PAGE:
Such was the case when I found the records for my great grandaunt, Emma Louisa Burger Drew Mead. Emma married my great granduncle, Charles Henry Drew, the younger brother of my ancestor, David Lewis Drew.
Emma was born on 4 Sep 1852 in Iowa, the daughter of the Reverend James Burger and his wife Nancy Middleton. Like my ancestors, David Lewis and Helen Marr Farrar Drew, both Emma and Charles migrated to California shortly after the gold rush.
Emma was the oldest child in her family. She married Charles on 22 May 1867 in Copperopolis, California at the tender age of 14. Charles was a relatively old man compared to Emma with his age of 22.
The couple had four children before Charles untimely death from pneumonia in 1890 at the early age of 45 leaving Emma a widow at age 38.
Within the space of a few years she had lost two of her children and her husband to illness. All would be hard blows for anyone to handle, but this plucky little lady, didn’t embrace life that way.
Within a year, she married Willard Clinton Mead, a 32-year-old miner from Illinois. He to had migrated to the gold country of California to seek his fortune. The couple never had any children of their own but true to the stories I found about Emma, they brought in ten homeless children who needed a safe harbor and stable environment in their lives.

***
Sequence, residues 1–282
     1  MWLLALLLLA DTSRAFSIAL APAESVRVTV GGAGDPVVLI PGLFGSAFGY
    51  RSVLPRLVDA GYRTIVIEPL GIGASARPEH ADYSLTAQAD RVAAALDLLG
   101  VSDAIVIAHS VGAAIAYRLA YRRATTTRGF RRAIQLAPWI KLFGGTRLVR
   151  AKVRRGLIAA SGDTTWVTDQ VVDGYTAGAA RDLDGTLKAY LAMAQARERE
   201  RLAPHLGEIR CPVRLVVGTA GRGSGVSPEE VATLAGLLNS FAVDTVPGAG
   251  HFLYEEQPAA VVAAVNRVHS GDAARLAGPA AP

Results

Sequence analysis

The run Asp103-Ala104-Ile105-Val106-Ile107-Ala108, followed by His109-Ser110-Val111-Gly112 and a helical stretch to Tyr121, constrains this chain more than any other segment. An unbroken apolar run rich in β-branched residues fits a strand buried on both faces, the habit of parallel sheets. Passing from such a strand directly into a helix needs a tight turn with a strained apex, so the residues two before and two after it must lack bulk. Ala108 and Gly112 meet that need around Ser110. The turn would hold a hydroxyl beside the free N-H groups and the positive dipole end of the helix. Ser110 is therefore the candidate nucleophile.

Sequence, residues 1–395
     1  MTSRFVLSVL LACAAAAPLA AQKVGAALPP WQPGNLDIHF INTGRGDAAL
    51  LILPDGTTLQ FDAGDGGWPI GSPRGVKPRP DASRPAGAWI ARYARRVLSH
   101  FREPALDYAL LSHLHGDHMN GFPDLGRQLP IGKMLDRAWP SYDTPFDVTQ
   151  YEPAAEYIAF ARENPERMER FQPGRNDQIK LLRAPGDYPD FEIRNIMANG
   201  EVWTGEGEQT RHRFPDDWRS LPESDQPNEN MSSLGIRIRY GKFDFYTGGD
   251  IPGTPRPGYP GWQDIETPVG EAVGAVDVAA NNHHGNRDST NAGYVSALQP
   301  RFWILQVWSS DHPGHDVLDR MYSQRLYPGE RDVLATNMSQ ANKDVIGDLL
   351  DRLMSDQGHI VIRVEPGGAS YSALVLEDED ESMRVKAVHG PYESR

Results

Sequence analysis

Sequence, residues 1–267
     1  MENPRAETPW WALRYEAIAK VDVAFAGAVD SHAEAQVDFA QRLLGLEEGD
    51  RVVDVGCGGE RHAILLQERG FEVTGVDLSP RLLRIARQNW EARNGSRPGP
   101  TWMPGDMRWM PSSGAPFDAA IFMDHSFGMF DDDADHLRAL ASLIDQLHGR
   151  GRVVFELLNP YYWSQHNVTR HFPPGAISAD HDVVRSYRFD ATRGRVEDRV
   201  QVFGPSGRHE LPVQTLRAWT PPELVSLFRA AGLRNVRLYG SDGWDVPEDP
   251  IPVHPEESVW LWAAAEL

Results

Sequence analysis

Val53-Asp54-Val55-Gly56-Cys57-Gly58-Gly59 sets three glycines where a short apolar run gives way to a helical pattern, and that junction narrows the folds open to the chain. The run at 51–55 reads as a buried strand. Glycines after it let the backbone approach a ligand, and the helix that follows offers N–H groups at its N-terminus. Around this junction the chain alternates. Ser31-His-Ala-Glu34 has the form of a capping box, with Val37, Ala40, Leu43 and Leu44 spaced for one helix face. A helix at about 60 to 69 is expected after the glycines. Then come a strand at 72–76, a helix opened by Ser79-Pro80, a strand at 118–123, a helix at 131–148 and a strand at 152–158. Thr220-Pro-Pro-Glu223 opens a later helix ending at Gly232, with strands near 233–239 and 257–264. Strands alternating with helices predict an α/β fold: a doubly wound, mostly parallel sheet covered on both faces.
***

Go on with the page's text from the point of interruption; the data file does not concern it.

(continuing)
Emma’s two daughters by Charles married prominent men in the community while their mother focused on people from the other end of the social spectrum by spending the currency of her life, time and effort, assisting those less fortunate than herself.
Her obituary noted her love of those less fortunate individuals in her life:
Mrs. Mead, Covered Wagon Pioneer, Dies At Advanced Age.
Coming to California as a six month old baby by ox team, Mrs. Emma Louise Mead, one of the pioneers who made early California history, died here Thursday after a long illness.
Deceased was 82 years of age, a native of Iowa, but practically her entire life was spent in California. The family settled originally near Copperopolis where they were engaged in farming. When but fifteen years of age deceased was married to Charles Drew, and the young people moved at once to Red Bluff where Drew engaged in mining for many years. the two surviving children are both residents of Oakdale, Mrs. Ed Rodden and Mrs. Maude Gray.
Following Mr. Drew’s death forty years ago, deceased came to Oakdale to make her home and here married Willard Mead. They removed to Stockton where Mrs. Mead became prominent in social work and for her love of children. In all she brought up ten homeless children. Nine years ago, following the death of her husband, Mrs. Mead moved to Yosemite Valley where she made her home until six years ago, at which time she came to Oakdale, residing with her two daughters.
Funeral services for deceased were held at the Oakdale Undertaking Parlors Saturday afternoon, with Rev. H. H. Allen in charge. Interment was made in Copperopolis.
Emma was small of stature but enormous in heart. Thanks for putting the important things first in your life Aunt Emma. A smile always comes to my face when I think of you.